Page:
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To find the healthiest brown bread, start by looking for whole grains. Adults should eat about 48 grams of whole grains a day, and studies show that they may help lower the risks of heart disease and Type 2 diabetes. Examine these labels to choose your loaf wisely.
●100% Whole Grains. This language indicates that a bread’s flour is made from the entire grain kernel — the bran, endosperm and germ. Refined grains, such as white flour, contain only the endosperm. The bran and germ are where most of the healthy stuff — antioxidants, B vitamins, fiber and other nutrients — is found.
●100% Whole Grain stamp. A 100% Whole Grain stamp means all of the bread’s grain ingredients are whole grain, and it has at least 16 grams of whole grains per serving. A 50%+ stamp means at least half are whole grains, and a stamp without a percentage means less than half are whole grains, but the product contains at least 8 grams.
●Whole Grain and Whole Wheat. Whole-wheat bread is made with whole-wheat flour. Whole-grain bread can also include other types of grains, such as oats, brown rice and barley. As long as the bread is 100 percent whole grain, the two types are equally nutritious.
●Made with Whole Grain. This phrase can be confusing — especially when “made with” appears in small print — because the bread may still contain mostly refined grains, which are not as nutritious as whole grains.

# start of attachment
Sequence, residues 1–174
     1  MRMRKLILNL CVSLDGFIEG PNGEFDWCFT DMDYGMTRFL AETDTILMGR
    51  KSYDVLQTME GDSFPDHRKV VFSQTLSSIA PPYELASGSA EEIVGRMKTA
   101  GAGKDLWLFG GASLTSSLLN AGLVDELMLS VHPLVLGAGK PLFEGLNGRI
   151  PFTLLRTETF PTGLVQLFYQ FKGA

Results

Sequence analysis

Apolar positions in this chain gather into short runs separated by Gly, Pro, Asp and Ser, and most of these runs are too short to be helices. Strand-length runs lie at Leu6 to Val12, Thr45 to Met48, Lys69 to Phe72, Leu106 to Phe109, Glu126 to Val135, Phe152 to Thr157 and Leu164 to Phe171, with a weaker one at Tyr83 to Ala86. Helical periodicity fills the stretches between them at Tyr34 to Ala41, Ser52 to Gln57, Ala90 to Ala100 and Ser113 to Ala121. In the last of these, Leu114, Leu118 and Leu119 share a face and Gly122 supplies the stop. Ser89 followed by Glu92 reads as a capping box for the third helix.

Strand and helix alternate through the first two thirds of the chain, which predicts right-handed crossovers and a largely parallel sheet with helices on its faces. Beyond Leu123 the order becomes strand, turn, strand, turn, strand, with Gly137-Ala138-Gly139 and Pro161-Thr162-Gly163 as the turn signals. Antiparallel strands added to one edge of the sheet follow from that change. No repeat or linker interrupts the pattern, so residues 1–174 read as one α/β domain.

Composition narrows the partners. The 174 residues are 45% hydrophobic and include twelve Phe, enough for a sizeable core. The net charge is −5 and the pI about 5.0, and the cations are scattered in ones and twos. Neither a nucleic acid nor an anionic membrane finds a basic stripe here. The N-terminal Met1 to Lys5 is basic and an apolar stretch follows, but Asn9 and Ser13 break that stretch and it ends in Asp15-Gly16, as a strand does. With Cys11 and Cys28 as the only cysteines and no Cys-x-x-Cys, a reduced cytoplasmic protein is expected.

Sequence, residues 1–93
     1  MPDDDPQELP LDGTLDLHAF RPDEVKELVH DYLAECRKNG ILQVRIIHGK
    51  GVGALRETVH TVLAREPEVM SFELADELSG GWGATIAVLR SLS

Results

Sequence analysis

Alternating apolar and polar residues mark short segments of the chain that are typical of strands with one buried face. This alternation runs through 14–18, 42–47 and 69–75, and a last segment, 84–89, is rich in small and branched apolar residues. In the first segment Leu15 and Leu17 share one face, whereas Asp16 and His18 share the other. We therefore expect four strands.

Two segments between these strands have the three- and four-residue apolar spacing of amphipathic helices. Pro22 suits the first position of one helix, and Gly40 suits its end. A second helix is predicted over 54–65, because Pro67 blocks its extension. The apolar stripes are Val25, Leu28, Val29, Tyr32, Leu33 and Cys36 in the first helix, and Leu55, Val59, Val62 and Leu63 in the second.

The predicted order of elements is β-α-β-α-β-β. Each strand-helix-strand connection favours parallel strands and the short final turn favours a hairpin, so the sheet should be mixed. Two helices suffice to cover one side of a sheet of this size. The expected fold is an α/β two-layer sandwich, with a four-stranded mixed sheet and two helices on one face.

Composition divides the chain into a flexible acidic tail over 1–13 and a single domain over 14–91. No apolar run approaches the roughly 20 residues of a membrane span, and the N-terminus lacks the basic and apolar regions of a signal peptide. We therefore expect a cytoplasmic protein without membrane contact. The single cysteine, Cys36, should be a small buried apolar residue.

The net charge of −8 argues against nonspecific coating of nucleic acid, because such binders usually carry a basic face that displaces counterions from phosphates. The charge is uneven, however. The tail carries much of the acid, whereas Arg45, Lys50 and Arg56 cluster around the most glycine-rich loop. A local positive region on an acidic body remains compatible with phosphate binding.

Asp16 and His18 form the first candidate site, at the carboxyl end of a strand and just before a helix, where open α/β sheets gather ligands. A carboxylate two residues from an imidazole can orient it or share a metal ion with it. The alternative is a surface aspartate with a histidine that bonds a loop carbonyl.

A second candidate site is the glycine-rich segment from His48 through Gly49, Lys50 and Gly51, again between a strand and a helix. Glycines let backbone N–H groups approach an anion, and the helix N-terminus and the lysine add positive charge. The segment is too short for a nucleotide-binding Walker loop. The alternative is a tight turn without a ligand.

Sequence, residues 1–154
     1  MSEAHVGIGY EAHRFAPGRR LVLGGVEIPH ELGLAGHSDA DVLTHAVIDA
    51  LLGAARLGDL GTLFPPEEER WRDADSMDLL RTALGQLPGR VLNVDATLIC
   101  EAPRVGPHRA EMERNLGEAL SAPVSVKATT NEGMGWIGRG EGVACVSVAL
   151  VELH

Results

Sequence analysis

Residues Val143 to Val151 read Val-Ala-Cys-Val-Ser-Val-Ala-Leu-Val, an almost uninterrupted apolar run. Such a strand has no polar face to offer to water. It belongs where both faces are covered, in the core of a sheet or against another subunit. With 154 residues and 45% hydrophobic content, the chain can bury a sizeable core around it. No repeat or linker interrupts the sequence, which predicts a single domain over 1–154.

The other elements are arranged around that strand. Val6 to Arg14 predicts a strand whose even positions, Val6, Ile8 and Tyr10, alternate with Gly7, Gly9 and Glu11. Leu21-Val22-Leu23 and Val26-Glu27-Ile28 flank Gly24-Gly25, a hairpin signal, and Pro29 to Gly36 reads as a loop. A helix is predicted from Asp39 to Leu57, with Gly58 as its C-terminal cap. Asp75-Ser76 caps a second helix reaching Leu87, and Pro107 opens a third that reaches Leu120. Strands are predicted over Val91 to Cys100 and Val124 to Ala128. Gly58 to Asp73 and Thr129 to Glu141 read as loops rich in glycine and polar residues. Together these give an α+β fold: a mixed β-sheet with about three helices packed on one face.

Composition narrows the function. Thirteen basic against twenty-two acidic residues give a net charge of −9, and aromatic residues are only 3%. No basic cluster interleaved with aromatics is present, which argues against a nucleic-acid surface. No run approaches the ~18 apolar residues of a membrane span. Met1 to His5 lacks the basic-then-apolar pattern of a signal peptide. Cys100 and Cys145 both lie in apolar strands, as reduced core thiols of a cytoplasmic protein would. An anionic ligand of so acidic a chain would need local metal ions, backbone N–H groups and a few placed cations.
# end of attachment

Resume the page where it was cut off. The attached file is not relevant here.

●Multi-Grain. This indicates a bread with more than one type of grain, but you won’t know how many — or whether they’re refined or whole — based on those words alone.
●21 Whole Grains and Seeds. How many types of whole grains a bread has matters less than where they appear in the ingredients list: Look for whole grains toward the top, which means they are a main ingredient. If they’re buried far down on the label, they may just be sprinkled in or added as a topping.
●USDA Organic. Breads with this seal are made with at least 95 percent organic ingredients, and the grains used were not grown with harmful synthetic pesticides.
●Good Source of Fiber. By Food and Drug Administration standards, a product with this claim contains between 2.8 and 5.3 grams of fiber per serving. But if you want to know the exact amount, check the fiber grams on the nutrition panel.
●Double Fiber. This typically means a loaf’s fiber is double the amount found in that same brand’s other whole-grain options. To get there, some brands use added fibers such as “cellulose fiber,” but our experts say fiber from whole grains is better.